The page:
Two Brunswick County residents died from COVID-19 in the past week as the virus continues to spread through the area.
Nearly 200 new cases were identified in eight days and the local death toll rose to seven, including two non-residents.
The fourth person to die in the county, who passed on June 27, was a resident at Universal Health Care of Brunswick, a congregate living facility in Bolivia with an outbreak that had spread to 22 residents and 14 employees as of Tuesday. The patient who died was considered high risk as they were over age 65 and had underlying medical conditions.
Then, on June 29, another person who was also over 65 died while hospitalized for the virus.
After months of slow growth in cases since the start of the pandemic, during which most of the positive tests were deemed “travel related,” Brunswick County saw an exponential spread of COVID-19 in June that has been attributed to increased testing, exposure in service jobs and socializing.
On June 1, the county reported just 96 positive tests: 68 recovered, 24 isolating at 16 separate households, one hospitalized and three deaths. On June 30, the county had identified 509 cases: 278 recovered, 219 isolated at 189 different homes, seven in the hospital, and five deaths.
From June 23-30, the number of cases recorded so far in: ZIP code 28461 increased from 35 to 40; ZIP code 28422 rose from 32 to 39; and ZIP code 28465 went up from 17 to 18, according to the North Carolina Department of Health and Human Services.
Neighboring New Hanover County documented nearly 900 positive tests as of Tuesday while Pender County had counted more than 200 and Columbus County had identified 500-plus.
There are more than just these cases, though. For each identified person, there are likely several more who go unreported because they are or were asymptomatic and did not take a test.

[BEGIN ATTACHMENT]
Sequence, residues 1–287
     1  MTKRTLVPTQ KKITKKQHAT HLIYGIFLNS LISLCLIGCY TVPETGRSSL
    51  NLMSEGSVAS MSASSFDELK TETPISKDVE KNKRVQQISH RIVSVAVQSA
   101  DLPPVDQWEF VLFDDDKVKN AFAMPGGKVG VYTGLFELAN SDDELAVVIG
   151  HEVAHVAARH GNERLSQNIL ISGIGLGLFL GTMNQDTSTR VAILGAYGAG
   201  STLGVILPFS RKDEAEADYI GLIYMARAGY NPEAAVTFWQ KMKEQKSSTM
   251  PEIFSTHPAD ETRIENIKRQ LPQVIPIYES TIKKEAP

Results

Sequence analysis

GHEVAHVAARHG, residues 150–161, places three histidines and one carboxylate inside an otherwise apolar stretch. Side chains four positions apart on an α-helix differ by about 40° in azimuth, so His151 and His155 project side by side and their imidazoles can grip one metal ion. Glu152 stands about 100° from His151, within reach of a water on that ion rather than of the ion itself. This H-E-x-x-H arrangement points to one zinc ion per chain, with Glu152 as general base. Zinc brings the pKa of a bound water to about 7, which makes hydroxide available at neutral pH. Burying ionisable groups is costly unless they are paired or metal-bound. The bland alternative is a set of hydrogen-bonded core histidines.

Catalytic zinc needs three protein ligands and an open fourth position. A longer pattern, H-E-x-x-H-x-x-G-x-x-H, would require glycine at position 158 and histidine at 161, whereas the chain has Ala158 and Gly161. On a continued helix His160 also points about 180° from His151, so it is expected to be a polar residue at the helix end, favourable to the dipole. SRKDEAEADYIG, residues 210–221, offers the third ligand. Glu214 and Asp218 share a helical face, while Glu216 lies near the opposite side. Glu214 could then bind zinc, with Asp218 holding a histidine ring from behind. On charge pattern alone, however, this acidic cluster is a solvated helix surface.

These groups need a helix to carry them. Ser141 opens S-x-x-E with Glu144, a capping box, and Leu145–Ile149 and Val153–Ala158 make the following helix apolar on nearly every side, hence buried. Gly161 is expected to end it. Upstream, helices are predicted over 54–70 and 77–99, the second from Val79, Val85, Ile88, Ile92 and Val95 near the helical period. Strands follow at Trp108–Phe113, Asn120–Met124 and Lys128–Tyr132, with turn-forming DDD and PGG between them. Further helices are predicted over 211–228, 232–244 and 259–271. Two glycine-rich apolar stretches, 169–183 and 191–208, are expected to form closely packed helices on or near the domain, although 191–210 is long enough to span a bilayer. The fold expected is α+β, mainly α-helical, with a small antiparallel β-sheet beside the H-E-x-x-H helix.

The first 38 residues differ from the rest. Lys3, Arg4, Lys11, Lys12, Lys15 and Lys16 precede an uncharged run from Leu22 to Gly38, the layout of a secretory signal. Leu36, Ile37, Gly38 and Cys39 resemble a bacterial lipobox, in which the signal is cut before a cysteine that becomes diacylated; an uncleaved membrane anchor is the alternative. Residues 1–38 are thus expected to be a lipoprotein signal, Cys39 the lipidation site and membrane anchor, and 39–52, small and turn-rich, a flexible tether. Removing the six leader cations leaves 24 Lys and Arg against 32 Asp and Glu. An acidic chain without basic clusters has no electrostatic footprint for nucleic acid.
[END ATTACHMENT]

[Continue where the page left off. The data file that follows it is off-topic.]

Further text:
With the 4th of July holiday approaching people are advised to avoid mass gatherings and, if they do attend one, wear a face covering and keep a distance from others. The county health services is attributing the spike in cases largely to get-togethers with multiple households, leading all parties to have to quarantine when an attendee later tests positive.
“Staying home as often as possible is still the best defense from contracting the virus, no matter what age you are or how healthy you feel,” Brunswick County Health Services Director Cris Harrelson said. “We anticipate seeing our case counts continue to rise into July due to increased activity in public places and the likelihood that social gatherings and traveling will take place over the Independence Day weekend and into the rest of summer.”
Health Services continues to assert that workers in the service industry are heavily affected, which contributes to a local and statewide rise in cases among young people and those of Hispanic ethnicity. In the county, at least 109 of the people who have tested positive so far are Hispanic and more than 300 of the cases are under age 49.
Across the state, over 64,600 North Carolinians have tested positive for COVID-19. Of those, 1,343 succumbed to the virus and at least 45,500 are presumed to be recovered.
Since the data shows the crisis is not improving, North Carolina is still “safer at home,” Governor Roy Cooper decided last week.
He announced the state will remain in Phase 2 through July 17 and face coverings are now required in public.
The covering must be worn in places where physical distancing is not possible. Gov. Cooper also added to the types of businesses whose customers and employees must wear coverings; it now includes retail stores, restaurants, personal care and grooming establishments, child care centers and camps, transportation, construction and more.
As of Tuesday, the Centers for Disease Control and Prevention confirmed more than 2.5 million U.S. cases and at least 126,739 American deaths.